Sunday, March 15, 2015


My mother had a lot of sayings, some of which I didn't really appreciate as I was being taught about life under her tutelage. I remember one of them had to do with not doing things which you might have to pick out with your nose later on. (Kind of along the lines of not driving one’s post holes too deeply.)

Now, that I am, of course, wizened with age, I understand that with her counsel she was trying to help me understand that the choices I was making would have consequences which would affect my life well into the future. She was usually referring to the choices I was making which she felt were not all that good.

As I look back on those long gone days of youth, I realize that many of my retorts to her ditties also had interesting counter statements during later periods of life.

As a teen I might have been heard to say: it’s my life and I can do with it as I wish.

Years later I probably countered with: if I were to have that decision again, I would definitely make it much differently.

As a teen I probably said: what’s good for you might not be good for me.

Sadly, as an adult, although I should have, I’m not sure I ever told her: I would have been much better off if I had listened and applied what you were trying to teach me.

I am sure it has to be part of the Eternal Plan, that each of us usually has to pay the price to understand some laws for ourselves:

That, yes indeed, we have been put on earth to act for ourselves, but we also must come to understand that each decision carries with it a resulting consequence.

That the price for the consequences of some decisions can be quickly paid, but the price for the consequences of some decisions may linger for years and even multiply in their indebtedness.

That sadly, the consequences of some decisions spill sloppily onto the plate of those we love and spread their ugly tentacles over generations which may as yet not be born.

That happily, the consequences of some decisions build, strengthen and magnify ourselves and thereby spread goodness and peace to those who surround us.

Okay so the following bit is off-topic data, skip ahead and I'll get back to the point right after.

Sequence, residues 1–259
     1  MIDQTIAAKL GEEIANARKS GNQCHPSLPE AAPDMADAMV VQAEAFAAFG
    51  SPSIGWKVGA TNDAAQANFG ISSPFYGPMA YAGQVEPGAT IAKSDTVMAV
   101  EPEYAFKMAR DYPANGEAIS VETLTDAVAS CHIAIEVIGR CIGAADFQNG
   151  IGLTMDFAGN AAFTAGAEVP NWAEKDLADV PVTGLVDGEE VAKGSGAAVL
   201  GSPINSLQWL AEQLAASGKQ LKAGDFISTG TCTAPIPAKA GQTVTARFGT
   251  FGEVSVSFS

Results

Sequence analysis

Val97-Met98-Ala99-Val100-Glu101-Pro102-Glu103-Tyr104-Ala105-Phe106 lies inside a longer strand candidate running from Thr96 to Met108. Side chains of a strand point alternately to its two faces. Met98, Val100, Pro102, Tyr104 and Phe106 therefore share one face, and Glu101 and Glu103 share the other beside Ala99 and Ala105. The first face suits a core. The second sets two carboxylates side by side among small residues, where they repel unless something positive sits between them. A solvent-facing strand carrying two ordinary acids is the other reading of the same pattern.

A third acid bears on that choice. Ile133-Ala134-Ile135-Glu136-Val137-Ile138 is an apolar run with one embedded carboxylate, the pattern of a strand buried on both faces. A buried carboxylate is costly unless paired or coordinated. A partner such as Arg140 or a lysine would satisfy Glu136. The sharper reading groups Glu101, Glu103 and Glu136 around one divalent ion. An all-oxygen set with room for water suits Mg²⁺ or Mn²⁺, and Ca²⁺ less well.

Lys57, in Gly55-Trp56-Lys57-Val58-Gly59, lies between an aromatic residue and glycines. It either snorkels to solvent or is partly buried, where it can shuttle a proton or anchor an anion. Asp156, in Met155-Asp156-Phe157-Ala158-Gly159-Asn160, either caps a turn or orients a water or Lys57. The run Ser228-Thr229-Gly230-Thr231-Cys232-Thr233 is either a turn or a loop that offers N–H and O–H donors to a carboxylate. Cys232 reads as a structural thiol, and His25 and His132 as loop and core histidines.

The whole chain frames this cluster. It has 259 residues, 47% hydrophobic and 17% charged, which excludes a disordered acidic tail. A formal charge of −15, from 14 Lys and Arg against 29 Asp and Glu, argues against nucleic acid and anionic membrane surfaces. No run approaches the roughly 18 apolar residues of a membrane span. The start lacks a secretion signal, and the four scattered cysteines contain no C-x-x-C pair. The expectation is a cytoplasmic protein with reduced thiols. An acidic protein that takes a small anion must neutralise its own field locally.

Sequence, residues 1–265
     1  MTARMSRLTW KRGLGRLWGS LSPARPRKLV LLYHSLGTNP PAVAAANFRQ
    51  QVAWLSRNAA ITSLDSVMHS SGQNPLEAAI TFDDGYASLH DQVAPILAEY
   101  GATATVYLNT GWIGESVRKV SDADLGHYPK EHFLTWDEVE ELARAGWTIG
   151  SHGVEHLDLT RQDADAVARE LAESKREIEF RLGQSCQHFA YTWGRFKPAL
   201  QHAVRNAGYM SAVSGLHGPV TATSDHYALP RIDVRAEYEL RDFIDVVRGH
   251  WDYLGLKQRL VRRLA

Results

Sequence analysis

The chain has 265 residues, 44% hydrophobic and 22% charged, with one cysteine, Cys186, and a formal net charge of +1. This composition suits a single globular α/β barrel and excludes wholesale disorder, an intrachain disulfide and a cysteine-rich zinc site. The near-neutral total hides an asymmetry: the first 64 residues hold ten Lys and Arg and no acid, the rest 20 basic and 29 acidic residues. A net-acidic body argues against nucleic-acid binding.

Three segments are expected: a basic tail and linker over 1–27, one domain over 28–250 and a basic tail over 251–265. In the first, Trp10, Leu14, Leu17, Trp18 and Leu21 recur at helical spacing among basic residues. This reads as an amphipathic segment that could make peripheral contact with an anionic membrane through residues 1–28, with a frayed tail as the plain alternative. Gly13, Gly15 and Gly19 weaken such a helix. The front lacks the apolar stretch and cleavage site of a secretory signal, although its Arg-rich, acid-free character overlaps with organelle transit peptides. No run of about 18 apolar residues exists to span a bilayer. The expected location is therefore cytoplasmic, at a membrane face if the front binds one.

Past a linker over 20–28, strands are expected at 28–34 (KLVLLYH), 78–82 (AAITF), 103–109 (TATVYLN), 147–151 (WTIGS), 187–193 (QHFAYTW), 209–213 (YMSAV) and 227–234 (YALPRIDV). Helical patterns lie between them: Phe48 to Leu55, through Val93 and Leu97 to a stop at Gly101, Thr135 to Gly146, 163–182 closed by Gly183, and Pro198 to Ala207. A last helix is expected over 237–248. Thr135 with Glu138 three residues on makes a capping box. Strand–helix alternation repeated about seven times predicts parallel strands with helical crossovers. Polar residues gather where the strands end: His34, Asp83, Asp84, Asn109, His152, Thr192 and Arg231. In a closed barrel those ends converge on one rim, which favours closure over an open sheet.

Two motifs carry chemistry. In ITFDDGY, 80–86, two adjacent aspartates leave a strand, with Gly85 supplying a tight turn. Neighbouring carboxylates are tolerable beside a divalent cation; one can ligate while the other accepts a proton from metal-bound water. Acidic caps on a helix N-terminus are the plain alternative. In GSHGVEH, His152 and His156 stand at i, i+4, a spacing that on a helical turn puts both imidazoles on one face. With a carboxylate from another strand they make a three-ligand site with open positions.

That gratefully, the Savior of mankind has paid the price so that all can escape the consequences of poorly made decisions.

Long ago Cain, the son of Adam and Eve, was taught by his parents the principles of the Law of Sacrifice.
But, in a misuse of his agency, he rejected their teachings and offered an offering of his own design which was unacceptable to the Lord.

Typically, as we mortals are prone to do, when the consequences came upon him, having his offering rejected, he became angry, resentful and depressed.

It seems that the children of earthly parents have difficulty in accepting the consequences of their choices even when the consequences come as a result of the erroneous choices they have made.

The Lord’s words to Cain reveal the law of agency and consequences and as is the case in many of life’s lessons, we have a tendency to reject the formula because of its simplicity.

If thou doest well, shalt thou not be accepted?
(‘Accepted’ from the Hebrew word Sehayth – to be elated, to exalt one’s character or rank, to raise oneself up)

As He spoke to Cain, was the Lord not saying to all of us, you need to understand that the way to self-fulfillment is through the proper use of agency, making choices which will result in happy consequences and result in growth for ourselves and for all with whom we come into contact.

If thou doest well
. (Well, from the Hebrew word Yaw tab – to be sound and right)

It is all so clear, it is all so simple, mother had it right all along. Learn what is right – do it – and you will find fulfillment.

Because he rejected the right, Cain suffered through mortality, lost his inheritance and his birthright and poured down consequences upon his children for generations to come.

How many generations will be affected because of the poor use we make of our agency?

How often do we have to pay the sad consequences of wrong decisions, before we gain understanding of this Eternal Law?

What is the legacy I am passing on to those generations yet to come to mortality because of my decisions.

Why am I wroth? Because I have rejected the truth!

Why is my countenance fallen? Because I am suffering the consequences of my wrong decisions!

If I do well, I will be accepted!

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